‘Bliss Montage’ Review: Ling Ma’s Second Release Exceeds High Expectations | Arts

Ling Ma made a bold entry into the literary world with the release of “Severance” in 2018. Her debut novel received acclaim from critics and casual readers, earning a place in the first program of Harvard’s Contemporary Literature course. , Literature Today. But an author’s second publication is what determines whether they will become a defining voice of their time or a one-time bestselling marvel. In September, Ma released “Bliss Montage,” a collection of short stories that tackle fundamental human experiences through a blend of fantasy and reality. The collection far exceeds the expectations set by “Severance” and reaffirms the brilliance of Ma.

Ma’s writing in “Bliss Montage” is descriptive but not overdone. His sentences are often short, but their brevity does not come at the expense of impact. Every word contributes to the narrative, written with intention. She eschews flat language, employing striking images in even the most mundane moments to create an immersive sensory experience. Whether it’s describing the “raptor rasp” of someone’s voice, the feeling of “burning” water when washing dishes by hand, or a character whose scent “smelled of tart pine” , Ma’s fluency in language draws readers into her narrative world. .

The collection excels in many ways, but one of the most remarkable is its balance. The stories are both serious and absurd, dark and humorous, set in the past and the present. Ma’s protagonists are weighed down by the weight of negative emotions like fear, grief, and discomfort, but their stories are also lightened by fantastical moments. In “Los Angeles,” for example, the narrator must navigate the tensions of her marriage while sharing a mansion with 100 ex-boyfriends. In “Yeti Lovemaking”, the narrator mourns a past relationship when she returns home to a man who turns out to be not a human, but a Yeti on a plant-based diet. Ma explores authentic experiences in unrealistic settings. She gives herself the ability to experiment with characters, settings, and plots in ways that would be impossible within the confines of reality.

The structure of each story is made dynamic and engaging by alternating between past and present. Ma is not reckless when transitioning from one time period to another; she is careful, clear, and considerate of readers who might otherwise get lost. Each detour into the past clarifies what is happening now, providing a background that helps explain the complex interactions between the characters.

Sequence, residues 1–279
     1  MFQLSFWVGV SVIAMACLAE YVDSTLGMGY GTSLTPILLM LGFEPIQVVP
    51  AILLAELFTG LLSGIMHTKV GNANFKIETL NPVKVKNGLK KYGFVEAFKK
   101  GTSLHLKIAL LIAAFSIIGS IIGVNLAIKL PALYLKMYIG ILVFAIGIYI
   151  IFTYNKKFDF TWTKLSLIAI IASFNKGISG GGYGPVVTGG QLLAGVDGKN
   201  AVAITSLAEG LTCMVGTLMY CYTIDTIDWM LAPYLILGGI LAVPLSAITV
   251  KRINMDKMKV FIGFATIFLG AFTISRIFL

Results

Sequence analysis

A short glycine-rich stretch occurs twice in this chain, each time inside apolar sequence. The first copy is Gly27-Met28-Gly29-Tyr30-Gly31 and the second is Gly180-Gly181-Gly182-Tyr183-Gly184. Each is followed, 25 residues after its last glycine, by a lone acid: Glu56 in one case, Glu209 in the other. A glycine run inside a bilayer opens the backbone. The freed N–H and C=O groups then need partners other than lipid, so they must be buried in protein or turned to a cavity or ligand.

Ma’s lively writing style and deliberate composition make her stories easy to follow. At the same time, it keeps certain story elements shrouded in mystery. In “Los Angeles”, she replaces the words spoken by the narrator’s husband with dollar signs. Readers can infer what he is saying based on the length of his quote or the narrator’s responses, but his exact statements are never revealed, left to the audience’s imagination. Ma also withholds the names of certain characters; she refers to them by the role they play, such as “husband” or “teacher”. This decision gives the stories a more universal quality. Readers navigating similar circumstances — whether in love, loss, academia, dissatisfaction with identity, or the second-generation Chinese-American experience — can draw on their own life to build on Ma’s non-specific descriptions and cultivate more rounded characters.

The endings of the stories are also shrouded in mystery. This is not a book for people who need closure. Ma does not solve problems; instead, she concludes the stories with a scene that could lead the characters in any number of different directions. By the end of the collection, it feels like her characters are still there, picking up where her writing left off and navigating the narrative world she cleverly left open to the imagination. But this ambiguity is more exciting than frustrating – it makes the collection interactive, forcing readers to engage rather than passively absorb the text.

Ma further demonstrates its thoughtful narrative composition through meta-moments in which the short story collection nods to itself and its author. In “Peking Duck”, the narrator, like Ma, is a writer. Readers have access to a piece of the narrator’s short story collection, which features persimmons on its cover—Ma’s collection cover is a close-up of vibrant oranges—and commentary on the Chinese-American experience. The connections between the actual release of “Bliss Montage” and the fictional “Peking Duck” collection, along with other nuanced connections between Ma’s stories and her personal background, provide a series of satisfying revelations for attentive readers.

In “Bliss Montage”, Ma proves to be an esteemed voice of the 21st century. The collection is a poignant critique of capitalism, racism, academia, gendered expectations and the world’s response to climate change. It is an exemplary literary work, composed with talent and determination. The experience of reading Ma’s latest collection can be best described by a word taken directly from its title: happiness.

—Editor Nina M. Foster can be reached at [email protected]

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